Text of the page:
Besides the tasty, locally sourced meals and beautiful mountain lakeside setting, many other things make the "ELC" a special place. Like the laid back staff (no city stress on their faces), earnest college interns, interesting fellow visitors, and the comfy LEED-certified campus that blends harmoniously with its setting at the base of Sourdough Mountain on the edge of North Cascades National Park.
This past weekend a friend and I were there for a Sourdough Speaker event, where visitors can get a taste of the place (literally and figuratively) with an overnight stay and guest speaker.
We arrive at the center mid-afternoon on Saturday after a leisurely 3-hour drive from Seattle along backroads past Darrington and Rockport, then up the upper Skagit River Valley. Before dinner we get settled in the spacious Pine building on campus and go explore the Sourdough Creek trail through the forest behind the ELC.
|Sourdough Creek Trail|
Early fall in this subalpine locale is cranking up, but we're still mostly ahead of the real fall colors.
|Vine maple on the ELC campus|
At least once a season the Sourdough Speaker series features regional chefs, wild food foragers, or farmers who focus on eating sustainably within our local foodsheds. Edible Seattle magazine editor Jill Lightner and Skagit Valley organic Blue Heron Farm owner Anne Schwartz are on hand this Saturday evening to discuss local farm and food policies in our state.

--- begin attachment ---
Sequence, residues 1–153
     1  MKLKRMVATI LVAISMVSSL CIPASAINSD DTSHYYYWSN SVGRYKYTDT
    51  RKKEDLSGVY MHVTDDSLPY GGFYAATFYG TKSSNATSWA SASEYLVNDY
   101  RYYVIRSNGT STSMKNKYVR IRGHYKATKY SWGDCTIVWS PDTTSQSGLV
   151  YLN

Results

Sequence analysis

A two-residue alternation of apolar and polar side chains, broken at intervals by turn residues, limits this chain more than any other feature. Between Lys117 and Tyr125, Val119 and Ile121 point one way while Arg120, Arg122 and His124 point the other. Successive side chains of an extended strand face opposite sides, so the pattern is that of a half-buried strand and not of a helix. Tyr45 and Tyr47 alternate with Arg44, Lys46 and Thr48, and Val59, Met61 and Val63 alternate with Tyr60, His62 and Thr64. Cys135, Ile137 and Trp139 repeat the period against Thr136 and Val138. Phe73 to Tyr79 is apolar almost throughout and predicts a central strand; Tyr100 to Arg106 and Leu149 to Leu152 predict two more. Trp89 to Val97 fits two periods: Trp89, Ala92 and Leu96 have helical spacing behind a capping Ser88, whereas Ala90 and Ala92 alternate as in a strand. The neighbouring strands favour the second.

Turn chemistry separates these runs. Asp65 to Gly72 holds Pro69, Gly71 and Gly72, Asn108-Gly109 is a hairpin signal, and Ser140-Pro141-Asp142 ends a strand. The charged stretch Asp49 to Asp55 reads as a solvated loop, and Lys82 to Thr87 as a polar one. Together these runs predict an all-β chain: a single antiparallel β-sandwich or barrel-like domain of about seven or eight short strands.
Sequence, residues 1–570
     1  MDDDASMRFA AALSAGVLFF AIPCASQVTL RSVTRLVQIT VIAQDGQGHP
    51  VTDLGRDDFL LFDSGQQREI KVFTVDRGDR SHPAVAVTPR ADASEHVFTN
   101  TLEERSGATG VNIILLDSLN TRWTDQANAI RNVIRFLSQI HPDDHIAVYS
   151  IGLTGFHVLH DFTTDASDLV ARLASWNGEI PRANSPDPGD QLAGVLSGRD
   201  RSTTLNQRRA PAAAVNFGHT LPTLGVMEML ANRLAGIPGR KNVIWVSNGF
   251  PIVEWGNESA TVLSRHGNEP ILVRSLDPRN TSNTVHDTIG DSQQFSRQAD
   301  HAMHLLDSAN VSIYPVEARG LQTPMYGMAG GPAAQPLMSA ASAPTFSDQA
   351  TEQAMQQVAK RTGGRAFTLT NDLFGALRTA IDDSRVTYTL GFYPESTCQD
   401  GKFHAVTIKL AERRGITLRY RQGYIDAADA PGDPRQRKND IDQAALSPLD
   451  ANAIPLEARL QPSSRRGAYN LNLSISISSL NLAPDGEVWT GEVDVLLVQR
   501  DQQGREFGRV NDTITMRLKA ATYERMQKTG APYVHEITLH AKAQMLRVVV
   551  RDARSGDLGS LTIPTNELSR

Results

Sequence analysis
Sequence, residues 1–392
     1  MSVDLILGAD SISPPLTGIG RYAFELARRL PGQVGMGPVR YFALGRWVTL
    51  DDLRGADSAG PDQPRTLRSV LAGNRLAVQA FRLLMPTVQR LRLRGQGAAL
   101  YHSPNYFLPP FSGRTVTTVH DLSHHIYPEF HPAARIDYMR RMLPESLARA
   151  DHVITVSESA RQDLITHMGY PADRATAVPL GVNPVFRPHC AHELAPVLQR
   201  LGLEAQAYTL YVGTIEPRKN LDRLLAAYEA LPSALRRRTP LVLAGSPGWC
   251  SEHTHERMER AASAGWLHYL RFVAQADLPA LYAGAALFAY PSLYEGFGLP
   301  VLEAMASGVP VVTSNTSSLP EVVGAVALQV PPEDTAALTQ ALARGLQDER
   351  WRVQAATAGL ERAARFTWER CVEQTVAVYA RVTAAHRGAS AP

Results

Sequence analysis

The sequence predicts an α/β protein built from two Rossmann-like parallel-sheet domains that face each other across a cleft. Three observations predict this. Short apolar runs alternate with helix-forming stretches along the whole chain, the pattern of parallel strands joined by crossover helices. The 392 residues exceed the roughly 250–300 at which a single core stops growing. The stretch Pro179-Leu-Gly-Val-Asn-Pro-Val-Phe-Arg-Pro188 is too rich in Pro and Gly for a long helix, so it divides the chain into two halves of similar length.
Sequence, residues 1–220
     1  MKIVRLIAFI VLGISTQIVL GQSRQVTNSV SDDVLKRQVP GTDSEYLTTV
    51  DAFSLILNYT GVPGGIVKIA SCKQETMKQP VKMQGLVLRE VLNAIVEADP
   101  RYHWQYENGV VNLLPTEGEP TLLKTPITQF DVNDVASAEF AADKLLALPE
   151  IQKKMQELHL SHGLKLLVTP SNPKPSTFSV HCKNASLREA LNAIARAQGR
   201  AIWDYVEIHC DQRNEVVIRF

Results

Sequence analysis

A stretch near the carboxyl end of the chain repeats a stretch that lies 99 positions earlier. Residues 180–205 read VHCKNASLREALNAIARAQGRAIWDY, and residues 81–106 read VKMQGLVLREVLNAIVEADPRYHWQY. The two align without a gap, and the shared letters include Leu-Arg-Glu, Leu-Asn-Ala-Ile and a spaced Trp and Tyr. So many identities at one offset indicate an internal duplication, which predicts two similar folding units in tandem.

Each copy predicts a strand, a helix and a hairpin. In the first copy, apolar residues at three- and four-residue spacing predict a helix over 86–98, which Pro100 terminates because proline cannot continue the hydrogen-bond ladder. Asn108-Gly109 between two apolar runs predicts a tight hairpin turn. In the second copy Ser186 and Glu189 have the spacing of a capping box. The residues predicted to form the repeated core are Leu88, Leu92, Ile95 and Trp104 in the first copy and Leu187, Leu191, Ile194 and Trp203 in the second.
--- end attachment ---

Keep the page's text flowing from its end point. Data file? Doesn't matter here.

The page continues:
But beforehand as we're gathered in the dining hall, NCI Chef Shelby Slater enthusiastically describes our meal.
"Your dinner tonight was sourced 98 percent locally," he says, then describes the honey lavendar goat cheese from the Methow Valley and the grass-fed beef, line-caught salmon, and fruit and veggies from Skagit Valley farms.
The man is as giddy as a kid when he talks of working with local producers and growers. His passion shines through in our splendid feast.
Usually I'm a bit of a night owl, but tonight sleep comes much earlier than normal in the quiet of a mountain night. I wake up before sunrise, refreshed and free of my usual morning dragginess, and go for a walk down along the lake.
|Breaking dawn, Diablo Lake|
While there is a naturalist-led hike planned after breakfast as part of the weekend event, we opt instead to hike the Diablo Lake trail from the ELC property to the base of Ross Lake Dam. The current ELC does owe its existence partly to Seattle City Light, which funded much of the facility construction as mitigation for its Skagit Dam hydroelectric project permit renewal.
Don't let the name "Diablo Lake" trail fool you. It's not really a lakeside trail. While much of the fairly mellow trail meanders through forest and over old rockslides well above the lake, we finally catch some spectacular views of the surrounding peaks and the lake/former river canyon far below, over a mile from the ELC.
|Pyramid Peak and Diablo Lake|
|Vehicles being barged up Skagit River Canyon|
With reluctance, we pack up and head back to the city. But it's always hard for me to leave this place, the North Cascades, and the heady scent of forest and mountain sunshine.
I'll be back.
How about you? Have you participated in any NCI programs? We'd love to hear about your experience there in the comments below.
When You Go
There are several more great weekends coming up this fall at the ELC. Check out their schedule here. Here are directions to NCI from both the west and east side of the Cascade Mountains. Also know that the fee you pay for these programs partially funds the Mountain School environmental education programs for local grade school kids from around the region.
If you'd like to see a few photos of the buildings and learn a little more about it's mission, click here to a blog post I wrote about NCI a few years ago.